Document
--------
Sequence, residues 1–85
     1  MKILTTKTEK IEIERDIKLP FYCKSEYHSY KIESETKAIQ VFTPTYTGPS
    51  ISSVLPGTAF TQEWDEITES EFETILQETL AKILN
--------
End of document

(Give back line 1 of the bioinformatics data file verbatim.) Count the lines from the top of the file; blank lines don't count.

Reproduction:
Sequence, residues 1–85